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Peer Review Article of “Personality Correlates of Criminals"

Article Review

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Peer Review Article

            The level of violence has skyrocketed in the recent past with incidents of rape, murder, bombing, homicide, shootings among others becoming everyday news. This paper seeks to review a psychological article entitled “Personality Correlates of Criminals: A Comparative Study Between Normal Controls and Criminals” by Sudhinta Sinha. The publication was chosen because it sheds light on the factors that influence one to commit a felony and helps to understand how it is possible for a person to kill another one without empathy.

The Perspective of the Article

            Sinha published her work between January and June 2016. Author’s objective was to examine the correlation between personality and criminal behavior. She wanted to understand whether criminal behavior was unavoidable for some people or it was a result of social, situational or environmental circumstances and interactions (Sinha, 2016). Little research has been conducted to investigate the possibility of one being born with such personality traits that make a person more prone to criminal behavior with more scholars focusing on how relationships and the surrounding shapes one’s upbringing and consequently their felonious activities. For instance, Fakhrzadegan, Gholami-Doon, Shamloo, and Shokouhi-Moqhaddam (2017) believe that personality is a psychological variable that determines one's actions and therefore a combination of various environmental and neurological factors can predict potential crimes a person can commit. As an illustration, antisocial people have been known to exhibit little regards to social norms and low tolerance to frustrations, as well as might not feel guilt or be impulsive in their behaviors (Aggarwal, 2013). Following this, they can violate the rights of other people. On the contrary, those who do not have an antisocial disorder usually have more respect for human life and would not easily harm others. Having gathered information from various sources, Sinha sought to find out if the research of other scholars was accurate.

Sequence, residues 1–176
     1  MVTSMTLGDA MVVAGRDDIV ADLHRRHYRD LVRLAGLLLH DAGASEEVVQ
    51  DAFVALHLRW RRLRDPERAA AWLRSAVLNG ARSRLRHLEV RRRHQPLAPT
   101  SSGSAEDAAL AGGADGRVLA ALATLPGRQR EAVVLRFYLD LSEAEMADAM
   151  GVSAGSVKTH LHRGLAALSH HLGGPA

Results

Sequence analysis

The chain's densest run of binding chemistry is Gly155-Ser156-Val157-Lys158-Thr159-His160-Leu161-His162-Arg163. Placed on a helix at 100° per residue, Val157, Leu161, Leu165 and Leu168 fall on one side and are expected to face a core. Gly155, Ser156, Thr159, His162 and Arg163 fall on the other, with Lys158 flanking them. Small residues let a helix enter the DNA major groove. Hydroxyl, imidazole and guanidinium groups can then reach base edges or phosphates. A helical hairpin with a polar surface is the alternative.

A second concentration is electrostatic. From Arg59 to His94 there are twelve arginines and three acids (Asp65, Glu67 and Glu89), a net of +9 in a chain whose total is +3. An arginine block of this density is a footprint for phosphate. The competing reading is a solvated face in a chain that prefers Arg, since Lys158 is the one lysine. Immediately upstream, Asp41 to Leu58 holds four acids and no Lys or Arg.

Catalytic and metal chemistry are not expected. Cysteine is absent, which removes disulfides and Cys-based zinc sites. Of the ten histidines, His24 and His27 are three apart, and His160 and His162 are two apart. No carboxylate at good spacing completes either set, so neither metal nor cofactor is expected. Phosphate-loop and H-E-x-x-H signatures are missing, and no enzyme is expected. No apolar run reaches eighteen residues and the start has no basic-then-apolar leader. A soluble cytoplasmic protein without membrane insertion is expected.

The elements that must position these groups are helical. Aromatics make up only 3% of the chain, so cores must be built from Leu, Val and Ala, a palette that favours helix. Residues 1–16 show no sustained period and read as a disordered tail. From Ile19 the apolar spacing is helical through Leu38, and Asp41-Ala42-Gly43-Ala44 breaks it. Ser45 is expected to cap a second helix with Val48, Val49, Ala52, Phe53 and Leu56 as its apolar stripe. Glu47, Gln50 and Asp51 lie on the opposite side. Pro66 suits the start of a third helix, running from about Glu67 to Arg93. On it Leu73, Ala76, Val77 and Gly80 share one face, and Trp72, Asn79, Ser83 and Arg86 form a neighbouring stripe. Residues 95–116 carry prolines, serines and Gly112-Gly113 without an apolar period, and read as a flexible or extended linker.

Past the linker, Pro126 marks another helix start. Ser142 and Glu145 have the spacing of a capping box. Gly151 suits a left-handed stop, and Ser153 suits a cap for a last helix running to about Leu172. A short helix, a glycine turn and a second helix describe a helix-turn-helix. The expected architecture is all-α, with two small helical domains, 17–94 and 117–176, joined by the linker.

Research Design and Focus

Sinha's primary attention was on whether one's present traits could predict a person’s future criminal behavior. The study involved investigating 64 male participants, 37 from which were from the non-criminal population, and the other 37 were from the district jail of Dhanbad. The latter were convicted criminals who had committed various offenses like kidnapping, robbery, rape, and forgery among others. Sinha assumed that different crimes could have been a result of varying personality stimuli. Furthermore, this group was categorized into three different socio-economic classes: those from the low, middle, and high income-earning families. The researcher was keen to exclude any person who was addicted to any substance and those who had not spent more than two years in prison. Sinha used two tests for her study – personality database to gather sociodemographic parameters and the 16 personality factor questionnaire to collect the information about possible disorders and behavioral problems. Finally, the average age of the subjects was 36.7 (20 – 65 years).